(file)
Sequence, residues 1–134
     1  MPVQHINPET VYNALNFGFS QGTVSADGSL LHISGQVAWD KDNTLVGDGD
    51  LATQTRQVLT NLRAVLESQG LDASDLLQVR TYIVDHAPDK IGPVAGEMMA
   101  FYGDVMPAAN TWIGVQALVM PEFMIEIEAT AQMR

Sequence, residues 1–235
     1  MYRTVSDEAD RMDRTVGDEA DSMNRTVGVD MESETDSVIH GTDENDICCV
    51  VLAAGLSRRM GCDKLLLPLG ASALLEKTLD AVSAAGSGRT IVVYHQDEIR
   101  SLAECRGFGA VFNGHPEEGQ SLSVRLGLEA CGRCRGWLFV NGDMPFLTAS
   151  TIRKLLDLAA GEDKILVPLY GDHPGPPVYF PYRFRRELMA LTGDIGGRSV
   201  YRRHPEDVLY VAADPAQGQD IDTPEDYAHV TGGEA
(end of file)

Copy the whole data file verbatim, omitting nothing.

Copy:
Sequence, residues 1–134
     1  MPVQHINPET VYNALNFGFS QGTVSADGSL LHISGQVAWD KDNTLVGDGD
    51  LATQTRQVLT NLRAVLESQG LDASDLLQVR TYIVDHAPDK IGPVAGEMMA
   101  FYGDVMPAAN TWIGVQALVM PEFMIEIEAT AQMR

Sequence, residues 1–235
     1  MYRTVSDEAD RMDRTVGDEA DSMNRTVGVD MESETDSVIH GTDENDICCV
    51  VLAAGLSRRM GCDKLLLPLG ASALLEKTLD AVSAAGSGRT IVVYHQDEIR
   101  SLAECRGFGA VFNGHPEEGQ SLSVRLGLEA CGRCRGWLFV NGDMPFLTAS
   151  TIRKLLDLAA GEDKILVPLY GDHPGPPVYF PYRFRRELMA LTGDIGGRSV
   201  YRRHPEDVLY VAADPAQGQD IDTPEDYAHV TGGEA